Chorizo can be eaten in a sandwich, grilled, fried or simmered in liquid. It is also sometimes sliced and used as a pizza topping in a similar manner to salami and pepperoni. (Source:Wiki)
How is it pronounced?
Clafoutis is a baked French dessert of fruit, traditionally black cherries arranged in a buttered dish and covered with a thick flan like batter. The clafoutis is dusted with powdered sugar and served lukewarm, sometimes with cream. (Source:Wiki)
How is it pronounced?
A compote is a dessert originating from medieval Europe, made of whole or pieces of fruit in sugar syrup. Whole fruits are cooked in water with sugar and spices. The syrup may be seasoned with vanilla, lemon or orange peel, cinnamon sticks, cloves, ground almonds, grated coconut, candied fruits or raisins. The compote is served either warm or cold. (Source:Wiki)
How is it pronounced?
46) COQ AU VIN
Coq au vin is a French dish of chicken braised with wine, lardons, mushrooms and optionally garlic. A red burgundy wine is typically used for braising, lardons, button mushrooms, oions, often garlic and sometimes brandy are added. The preparation is similar in many respects to beef bourguignon. The chicken is seasoned, sometimes floured, seasoned in fat and slowly simmered in wine until tender. A bouquet garni with thyme, parsley and bayleaf is added along with salt and pepper. The juices are thickened by adding roux. (Source:Wiki)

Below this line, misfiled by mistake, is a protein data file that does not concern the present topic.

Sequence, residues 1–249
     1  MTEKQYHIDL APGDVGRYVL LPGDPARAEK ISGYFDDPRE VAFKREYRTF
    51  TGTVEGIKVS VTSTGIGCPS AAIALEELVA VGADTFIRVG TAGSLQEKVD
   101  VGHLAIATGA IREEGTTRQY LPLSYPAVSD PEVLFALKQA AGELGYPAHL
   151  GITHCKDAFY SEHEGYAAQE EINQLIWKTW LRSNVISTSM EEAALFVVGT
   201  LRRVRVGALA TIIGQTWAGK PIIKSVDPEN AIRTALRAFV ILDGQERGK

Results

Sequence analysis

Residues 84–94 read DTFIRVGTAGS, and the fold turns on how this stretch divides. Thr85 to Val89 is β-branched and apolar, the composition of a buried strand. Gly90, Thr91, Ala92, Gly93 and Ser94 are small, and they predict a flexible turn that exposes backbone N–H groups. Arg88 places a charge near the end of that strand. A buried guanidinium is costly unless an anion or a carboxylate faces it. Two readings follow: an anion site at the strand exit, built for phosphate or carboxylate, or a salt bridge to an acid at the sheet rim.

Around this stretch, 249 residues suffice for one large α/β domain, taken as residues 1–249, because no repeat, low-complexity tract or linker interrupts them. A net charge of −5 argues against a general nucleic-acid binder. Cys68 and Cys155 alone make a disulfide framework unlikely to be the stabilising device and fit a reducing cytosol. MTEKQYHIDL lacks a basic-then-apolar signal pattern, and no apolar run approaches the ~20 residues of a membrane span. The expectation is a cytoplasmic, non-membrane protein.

How is it pronounced?
Escargot is a delicacy consisting of cooked land snails.
The snails, purged from their shells are cooked usually with garlic butter, chicken stock or wine and then placed back into the shells with the butter and sauce for serving. Additional ingredients such as garlic, thyme, parsley and pine nuts may be added. Special snail tongs for holding the shell and snail forks for extracting the meat are normally provided. (Source: Wiki)
How is it pronounced?
Habanero is a variety of chilli pepper. Unripe habaneros are green but they colour as they mature. The most common colour variants are orange and red but the fruit may also be white, brown, yellow or purple. These chillis are very hot and rated 100,000-350,000 on the Scoville scale. The habaneros heat, flavour and floral aroma have made it a popular ingredient in hot sauces and spicy foods. (Source:Wiki)
How is it pronounced?
49) HORS D’OEUVRE
Hors d’oeuvre is a small appetizer or starter served before a meal. Some hors d’oeuvres are served cold, others hot. Hors d’oeuvres may be served at the dinner table as part o the meal or may be served before seating. Typically, it is smaller than the main dish and often designed to be eaten by hand with minimal use of cutlery. (Source:Wiki)